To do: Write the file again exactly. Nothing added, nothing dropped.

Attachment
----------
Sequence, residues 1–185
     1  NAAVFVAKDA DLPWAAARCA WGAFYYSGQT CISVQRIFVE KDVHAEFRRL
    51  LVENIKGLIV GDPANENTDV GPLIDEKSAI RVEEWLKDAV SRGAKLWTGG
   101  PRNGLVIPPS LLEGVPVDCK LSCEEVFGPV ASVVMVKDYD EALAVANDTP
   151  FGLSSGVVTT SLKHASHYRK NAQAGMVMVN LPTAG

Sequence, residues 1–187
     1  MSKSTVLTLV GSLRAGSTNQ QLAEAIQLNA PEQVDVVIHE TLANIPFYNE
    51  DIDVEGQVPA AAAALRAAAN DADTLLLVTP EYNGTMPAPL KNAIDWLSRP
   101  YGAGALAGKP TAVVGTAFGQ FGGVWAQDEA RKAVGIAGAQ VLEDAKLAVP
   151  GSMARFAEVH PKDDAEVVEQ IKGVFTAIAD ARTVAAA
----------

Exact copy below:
Sequence, residues 1–185
     1  NAAVFVAKDA DLPWAAARCA WGAFYYSGQT CISVQRIFVE KDVHAEFRRL
    51  LVENIKGLIV GDPANENTDV GPLIDEKSAI RVEEWLKDAV SRGAKLWTGG
   101  PRNGLVIPPS LLEGVPVDCK LSCEEVFGPV ASVVMVKDYD EALAVANDTP
   151  FGLSSGVVTT SLKHASHYRK NAQAGMVMVN LPTAG

Sequence, residues 1–187
     1  MSKSTVLTLV GSLRAGSTNQ QLAEAIQLNA PEQVDVVIHE TLANIPFYNE
    51  DIDVEGQVPA AAAALRAAAN DADTLLLVTP EYNGTMPAPL KNAIDWLSRP
   101  YGAGALAGKP TAVVGTAFGQ FGGVWAQDEA RKAVGIAGAQ VLEDAKLAVP
   151  GSMARFAEVH PKDDAEVVEQ IKGVFTAIAD ARTVAAA